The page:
Our bills today have infrared strips in them and strings of mylar that can only be detected by UV light, and so fraudulent vending was on the outs. 

Unfortunately, there’s always someone trying to cheat the system. As recently as 2019, this guy figured out how to gain access to consumers’ credit and debit card information and stole more than $150,000. Not worth it for a bag of chips. 

7. Ven-Deadly Machines

Vending machines now come with warning signs of graphic stick figures acting out what happens when you try to upend them. This sign is mandatory thanks to the surprising death toll vending machines have racked up.

37 people died between 1978-1995 in the U.S., and countless others were injured trying to rock that Snickers bar out. Or Hot Cheetos. Or Cool Ranch Doritos. Or it might have been the Hoho that ushered in the demise of these poor, hungry souls. 

Whatever their choice of snack may have been, it turns out, you’re more likely to be killed in a vending machine accident than by a shark in the U.S. 

8. Weirdest Things to Vend

You might have to try some of these to believe it. It’s truly only your imagination holding you back when it comes to the wide world of vending. 

  • Live crabs
  • Calvin Klein underwear
  • Milk (moos upon completion)
  • Bras
  • Eggs
  • Rhinocerous Beetles
  • Live bait for fishing 
  • Hot Dogs
  • Condoms…or a pregnancy test? Vending machines don’t judge…yet
  • Not pregnant? Grab some sushi to go…
  • Pregnant? Get a pizza instead!
  • Kosher foods…? Oi very
  • Diapers
  • Cannabis
  • Porn
  • Bananas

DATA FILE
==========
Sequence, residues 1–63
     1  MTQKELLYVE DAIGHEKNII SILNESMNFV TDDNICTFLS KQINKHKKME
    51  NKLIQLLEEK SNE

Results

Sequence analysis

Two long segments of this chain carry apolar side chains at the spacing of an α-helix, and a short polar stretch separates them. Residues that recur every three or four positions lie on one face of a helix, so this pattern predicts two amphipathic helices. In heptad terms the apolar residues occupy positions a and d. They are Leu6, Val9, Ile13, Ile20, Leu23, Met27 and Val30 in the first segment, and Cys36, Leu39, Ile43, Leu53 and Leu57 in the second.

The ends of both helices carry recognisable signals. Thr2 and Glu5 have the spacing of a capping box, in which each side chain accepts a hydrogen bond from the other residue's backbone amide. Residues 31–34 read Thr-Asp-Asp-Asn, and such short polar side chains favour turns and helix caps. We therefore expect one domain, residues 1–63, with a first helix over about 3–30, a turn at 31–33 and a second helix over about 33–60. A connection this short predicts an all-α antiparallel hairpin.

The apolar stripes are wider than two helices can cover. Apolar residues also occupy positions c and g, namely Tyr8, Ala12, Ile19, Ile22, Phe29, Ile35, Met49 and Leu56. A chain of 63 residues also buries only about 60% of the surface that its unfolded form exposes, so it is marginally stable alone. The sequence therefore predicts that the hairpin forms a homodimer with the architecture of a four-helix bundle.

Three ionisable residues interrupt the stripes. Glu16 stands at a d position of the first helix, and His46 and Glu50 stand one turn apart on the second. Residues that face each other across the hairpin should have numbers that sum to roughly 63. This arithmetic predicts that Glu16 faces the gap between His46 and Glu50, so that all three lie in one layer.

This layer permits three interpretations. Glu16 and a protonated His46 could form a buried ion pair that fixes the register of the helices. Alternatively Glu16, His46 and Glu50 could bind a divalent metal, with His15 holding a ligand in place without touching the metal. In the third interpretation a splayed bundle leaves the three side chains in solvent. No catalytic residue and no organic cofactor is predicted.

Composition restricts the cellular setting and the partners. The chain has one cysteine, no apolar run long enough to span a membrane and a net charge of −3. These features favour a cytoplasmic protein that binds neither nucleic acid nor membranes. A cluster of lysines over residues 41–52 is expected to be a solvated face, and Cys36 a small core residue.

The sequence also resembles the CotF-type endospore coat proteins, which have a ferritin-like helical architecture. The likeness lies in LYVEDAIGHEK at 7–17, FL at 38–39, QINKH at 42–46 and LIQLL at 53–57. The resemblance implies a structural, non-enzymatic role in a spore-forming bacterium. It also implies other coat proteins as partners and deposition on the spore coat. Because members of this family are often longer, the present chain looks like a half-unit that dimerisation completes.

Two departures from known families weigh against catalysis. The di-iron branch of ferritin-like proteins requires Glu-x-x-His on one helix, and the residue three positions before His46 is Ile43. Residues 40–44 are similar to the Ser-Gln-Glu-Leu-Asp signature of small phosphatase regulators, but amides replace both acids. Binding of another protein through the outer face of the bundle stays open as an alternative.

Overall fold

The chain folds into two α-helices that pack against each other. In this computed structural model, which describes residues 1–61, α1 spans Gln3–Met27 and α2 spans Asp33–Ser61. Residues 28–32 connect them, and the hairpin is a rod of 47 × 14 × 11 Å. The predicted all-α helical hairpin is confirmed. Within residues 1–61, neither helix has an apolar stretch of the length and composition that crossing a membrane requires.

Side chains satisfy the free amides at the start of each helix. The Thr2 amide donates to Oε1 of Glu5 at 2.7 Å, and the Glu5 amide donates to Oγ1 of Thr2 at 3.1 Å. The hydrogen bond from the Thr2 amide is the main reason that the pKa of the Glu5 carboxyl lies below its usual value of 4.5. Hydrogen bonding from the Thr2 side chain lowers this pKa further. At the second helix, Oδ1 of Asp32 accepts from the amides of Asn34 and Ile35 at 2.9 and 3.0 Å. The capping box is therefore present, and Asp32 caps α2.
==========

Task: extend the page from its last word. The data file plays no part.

• Legos
  • Wine
  •  Lobsters
    • Remember the aliens in Toy Story? Remember the Claw? Well, you don’t just have to push a button for this crustacean, you also have to catch it before the restaurant will cook it for you. Only mildly horrifying…

9. The Call to Vend

With the versatility of products to be offered and the consumers’ ever-increasing desire for ease of services, the vending machine industry is booming.

The Automated Machine Industry is estimated to be worth almost $42 billion. More innovative ways to continue the vending machine’s rise to power include facial, eye, and fingerprint recognition, AI that will remember your orders, and social media connectivity. 

It seems as though vending machines are here to stay. Hoho’s, however, might be on their way out as consumers start to pay more attention to ingredient lists. The new wave in the industry seems to be smart, eco-friendly, healthy food options for fast on the go vending. 

If you are looking for a side hustle/passive income, check out Healthy You Vending. Operating in the U.S. since 1999, they have over 6,000 units nationwide. They offer professional support to help you choose the perfect location, the perfect products, and answer any of your many questions before investing. 

Vending Machine History and Future

The vending machines of the past are not so different than the ones we use today. Feed the beast money, and it will give you what you desire. 

They’ve proven to be adaptable to consumers’ needs and wants while advancing with technology almost seamlessly. Whether you’re here for fun facts of vending machine history or a push to dive deeper into the fascinating financial opportunities of owning a vending machine, doesn’t matter. Go ahead and get your snack on or turn snacks into profits, there’s no wrong choice here.